Summer Insect Health RisksDr. Jorge Parada
- National Pest Management Association
Wednesday, June 13, 2012
Mitigating the Downside to Summer Fun
Hurray - summer is finally here! This is
a glorious time of long hours of sun and warmth, walks and hikes,
swimming, camping and barbecues. There’s something for everyone in
the great outdoors.
But sometimes, don’t you just wish the mosquitoes, bees and other
pests would get the memo about being on vacation and just leave you
alone? Unfortunately, we all know there are downsides to communing
with nature and enjoying our summer fun.
So, let’s go over some of the more common summer insects,
why we should be concerned about them and what we can do to
mitigate the problem. Remember —especially when it comes to summer
insects — an ounce of prevention is worth a pound of cure.
Bees, Hornets, Wasps and Yellowjackets
- The upside: They pollinate plants and flowers and help give us
fruits and vegetables. They also eat other harmful pests such as
grubs and flies.
- The downside: They dole out painful stings and give us anxiety
about being stung. Unfortunately, millions of Americans are at risk
for suffering severe allergic reactions.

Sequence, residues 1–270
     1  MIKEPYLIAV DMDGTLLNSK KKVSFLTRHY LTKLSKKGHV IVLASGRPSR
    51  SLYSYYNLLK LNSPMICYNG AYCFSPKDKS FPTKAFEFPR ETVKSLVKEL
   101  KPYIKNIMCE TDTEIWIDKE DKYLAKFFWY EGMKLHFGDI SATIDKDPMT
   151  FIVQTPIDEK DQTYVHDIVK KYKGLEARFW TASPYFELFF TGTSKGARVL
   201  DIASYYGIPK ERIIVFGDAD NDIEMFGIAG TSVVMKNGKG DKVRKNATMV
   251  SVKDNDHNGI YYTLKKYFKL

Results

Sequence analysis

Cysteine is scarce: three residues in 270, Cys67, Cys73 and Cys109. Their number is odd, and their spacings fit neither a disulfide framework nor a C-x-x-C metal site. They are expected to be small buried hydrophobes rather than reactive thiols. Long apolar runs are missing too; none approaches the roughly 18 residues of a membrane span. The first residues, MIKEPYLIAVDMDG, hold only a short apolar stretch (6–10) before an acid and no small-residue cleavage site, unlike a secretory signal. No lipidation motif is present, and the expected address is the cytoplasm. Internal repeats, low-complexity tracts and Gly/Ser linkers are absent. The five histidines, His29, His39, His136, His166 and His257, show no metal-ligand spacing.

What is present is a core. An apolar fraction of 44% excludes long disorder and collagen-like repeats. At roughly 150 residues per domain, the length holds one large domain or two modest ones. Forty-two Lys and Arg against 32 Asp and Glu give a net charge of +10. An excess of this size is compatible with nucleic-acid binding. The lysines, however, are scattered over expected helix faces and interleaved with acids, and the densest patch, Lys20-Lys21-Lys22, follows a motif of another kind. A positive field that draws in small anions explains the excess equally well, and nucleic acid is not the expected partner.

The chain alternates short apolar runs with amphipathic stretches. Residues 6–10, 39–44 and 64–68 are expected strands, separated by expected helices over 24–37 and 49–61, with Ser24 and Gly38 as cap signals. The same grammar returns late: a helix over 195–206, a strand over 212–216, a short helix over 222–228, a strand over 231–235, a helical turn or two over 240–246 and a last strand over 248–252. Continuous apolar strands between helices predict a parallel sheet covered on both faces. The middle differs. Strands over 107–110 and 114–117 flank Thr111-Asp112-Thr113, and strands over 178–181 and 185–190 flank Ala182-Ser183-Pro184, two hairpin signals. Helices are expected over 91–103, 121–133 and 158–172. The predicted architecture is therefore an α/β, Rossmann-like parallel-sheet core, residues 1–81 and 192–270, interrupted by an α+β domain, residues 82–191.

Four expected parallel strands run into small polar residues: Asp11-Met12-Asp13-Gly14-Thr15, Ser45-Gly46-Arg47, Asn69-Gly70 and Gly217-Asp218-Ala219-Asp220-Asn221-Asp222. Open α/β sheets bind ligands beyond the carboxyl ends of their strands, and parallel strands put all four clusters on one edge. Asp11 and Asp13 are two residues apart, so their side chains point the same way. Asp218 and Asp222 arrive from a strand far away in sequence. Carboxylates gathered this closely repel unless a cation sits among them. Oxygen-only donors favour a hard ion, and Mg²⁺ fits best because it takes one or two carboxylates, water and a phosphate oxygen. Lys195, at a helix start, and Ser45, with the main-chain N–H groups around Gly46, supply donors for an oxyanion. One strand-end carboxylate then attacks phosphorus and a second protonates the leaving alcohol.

Although typically a source of great anxiety for fear that they
might sting you, in fact, bees and yellowjackets rarely do sting
unless provoked. So, the number one rule is not to panic and swat
at a bee when it comes for a visit. If it lands on your skin, just
blow gently rather than smack at it. There are more aggressive
species, particularly wasps that can sting in painful attacks if
they feel threatened or you wander too close to their nest. While
painful, most insect stings usually result in a limited local
reaction, with pain and swelling. Unfortunately, about 3 percent of
people have more widespread allergic reactions, with rash and
hives. The most extreme cases of allergic reactions are called
anaphylaxis and symptoms include tongue and throat swelling,
wheezing, dizziness or even life threatening shortness of breath
and drop in blood pressure. If these symptoms arise, call 911. If
you are allergic to stinging insects you should know how to use an
epinephrine kit and carry it with you at all times.
If stung and the stinger is still in place, first remove the
stinger. Then clean the area with soap and cold water and apply
ice. Benadryl and over-the-counter 1 percent hydrocortisone
ointment may help calm the reaction. Consider taking a pain
reliever as needed.
- The upside: Is there one?
- The downside: Mosquito bites are a common, insect-related
reason parents seek medical help for their children. The local
reactions and itchy lesions that are results of mosquito bites are
no fun, but luckily, severe reactions are extremely uncommon.
Mosquitoes bite most intensely around dawn and dusk. If you must
or want to be outside during those times, it’s best to be inside a
screened-in porch or dressed in clothing that leaves very little
exposed skin. Your best protection will be insect repellant, such
as DEET or picaridin.
A mosquito bite typically results in a pink bump that itches. As
tempting as it may be, don’t scratch it! Scratching only agitates
the venom and increases your itching. In addition, over-scratching
might cause breaks in the skin that can serve as a port of entry